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The world governing body for sports cycling, Union Cycliste Internationale (UCI), banned trans-identifying males from competing in women’s cycling races on Friday.
The new policy reverses UCI’s previous policy that allowed men to compete in women’s sports if they had a plasma testosterone level below 2.5 nanomoles per liter for two years. The ban takes effect Monday.
“[UCI] has a duty to guarantee, above all, equal opportunities for all competitors in cycling competitions,” UCI President David Lappartient said in a statement. “Given the current state of scientific knowledge does not guarantee such equality of opportunity between transgender female athletes and cisgender female participants, it was not possible … to authorise the former to race in the female categories.”
The new policy will apply to any male who underwent puberty, regardless of how long they have taken hormones or how low their testosterone is. Trans-identifying males will still be able to compete, but they will be placed in the men’s category, which UCI renamed to “Men’s/Open.”
Despite UCI’s citation of the “state of scientific knowledge,” the organization left the door open for another policy reversal “as scientific knowledge evolves” and said it would look at financing research to study the effects of cross-sex hormones on athletes’ performance.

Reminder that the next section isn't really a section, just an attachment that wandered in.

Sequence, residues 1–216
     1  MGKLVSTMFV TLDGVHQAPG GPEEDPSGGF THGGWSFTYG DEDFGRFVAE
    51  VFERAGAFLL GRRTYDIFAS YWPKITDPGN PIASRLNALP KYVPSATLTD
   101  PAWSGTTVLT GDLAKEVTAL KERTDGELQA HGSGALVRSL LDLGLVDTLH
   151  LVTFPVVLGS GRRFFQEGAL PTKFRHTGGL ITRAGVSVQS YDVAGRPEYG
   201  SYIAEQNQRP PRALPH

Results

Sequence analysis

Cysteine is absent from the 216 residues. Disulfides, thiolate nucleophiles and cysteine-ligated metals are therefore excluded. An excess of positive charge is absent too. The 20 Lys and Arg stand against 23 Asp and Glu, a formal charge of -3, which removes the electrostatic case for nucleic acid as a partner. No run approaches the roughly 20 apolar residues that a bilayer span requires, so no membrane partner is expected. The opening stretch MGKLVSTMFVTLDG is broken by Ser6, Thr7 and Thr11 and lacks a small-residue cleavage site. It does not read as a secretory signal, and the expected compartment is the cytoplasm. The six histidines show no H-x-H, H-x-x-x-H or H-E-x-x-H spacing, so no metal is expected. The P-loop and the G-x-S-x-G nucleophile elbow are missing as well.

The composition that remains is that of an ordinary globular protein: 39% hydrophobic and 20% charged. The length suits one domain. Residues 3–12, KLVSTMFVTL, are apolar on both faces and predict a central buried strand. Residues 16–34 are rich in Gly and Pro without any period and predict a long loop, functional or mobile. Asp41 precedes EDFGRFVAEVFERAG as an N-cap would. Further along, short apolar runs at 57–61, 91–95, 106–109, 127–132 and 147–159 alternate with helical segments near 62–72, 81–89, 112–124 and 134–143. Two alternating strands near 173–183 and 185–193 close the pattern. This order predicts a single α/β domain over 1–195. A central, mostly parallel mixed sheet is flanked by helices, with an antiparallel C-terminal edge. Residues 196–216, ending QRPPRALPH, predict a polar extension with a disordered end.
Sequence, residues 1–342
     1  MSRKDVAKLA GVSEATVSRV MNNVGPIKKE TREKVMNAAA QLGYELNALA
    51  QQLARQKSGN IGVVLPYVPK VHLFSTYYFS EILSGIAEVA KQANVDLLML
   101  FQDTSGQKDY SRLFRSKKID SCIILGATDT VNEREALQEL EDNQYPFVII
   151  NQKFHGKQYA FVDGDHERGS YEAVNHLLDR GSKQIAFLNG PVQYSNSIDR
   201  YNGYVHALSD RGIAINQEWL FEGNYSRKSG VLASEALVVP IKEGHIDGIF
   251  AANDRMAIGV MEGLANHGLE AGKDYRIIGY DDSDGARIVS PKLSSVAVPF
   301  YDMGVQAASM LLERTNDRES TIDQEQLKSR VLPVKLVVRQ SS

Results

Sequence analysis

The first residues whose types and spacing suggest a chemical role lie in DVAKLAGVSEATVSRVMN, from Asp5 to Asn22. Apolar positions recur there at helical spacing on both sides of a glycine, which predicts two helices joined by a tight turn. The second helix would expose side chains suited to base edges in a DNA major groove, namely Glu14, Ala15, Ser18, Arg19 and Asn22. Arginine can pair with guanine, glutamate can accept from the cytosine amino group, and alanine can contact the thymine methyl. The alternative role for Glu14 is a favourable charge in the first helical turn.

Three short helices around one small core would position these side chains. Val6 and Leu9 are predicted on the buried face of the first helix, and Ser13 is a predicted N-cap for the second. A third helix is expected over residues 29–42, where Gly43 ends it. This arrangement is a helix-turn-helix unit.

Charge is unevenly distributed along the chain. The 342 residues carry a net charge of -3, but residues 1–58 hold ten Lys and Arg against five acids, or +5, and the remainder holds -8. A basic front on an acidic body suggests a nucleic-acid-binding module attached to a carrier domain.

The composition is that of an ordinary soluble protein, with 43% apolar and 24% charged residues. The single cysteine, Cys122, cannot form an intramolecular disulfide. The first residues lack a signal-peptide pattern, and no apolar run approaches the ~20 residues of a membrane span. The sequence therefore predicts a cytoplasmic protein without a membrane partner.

Further, Lappartient said that UCI “fully respects and supports the right of individuals to choose the sex that corresponds to their gender identity, whatever sex they were assigned at birth.”
UCI came under heavy scrutiny for defending its existing transgender policy as “based on the latest scientific knowledge” after biological male Austin Killips handedly won several women’s competitions, including the women’s Belgian Waffle Ride in Asheville, North Carolina, last month.
Paige Onweller, who was a distant second to Killips, said the trans-identifying winner’s “power is not comparable” to the women he raced and that she “couldn’t match” him.
She proposed a solution, saying, “In the future, I feel a separate category may be appropriate but event promoters are also learning what is best to preserve both female cycling while also creating an inclusive space for all to ride.”
Three-time Olympic cyclist Inga Thompson called for a protest of UCI amid the Killips controversy, saying the organization was “effectively killing off women’s cycling.” Because of her stance, Thompson was subsequently dropped from the board of directors of Cynisca, an organization dedicated to promoting women cyclists.
UCI follows other sports in its ban of men in women’s sports as well as national-level cycling organizations. World Athletics, which governs international cross country and track and field competitions, banned men from women’s categories in March. British Cycling implemented similar policies banning men from the women’s category in May.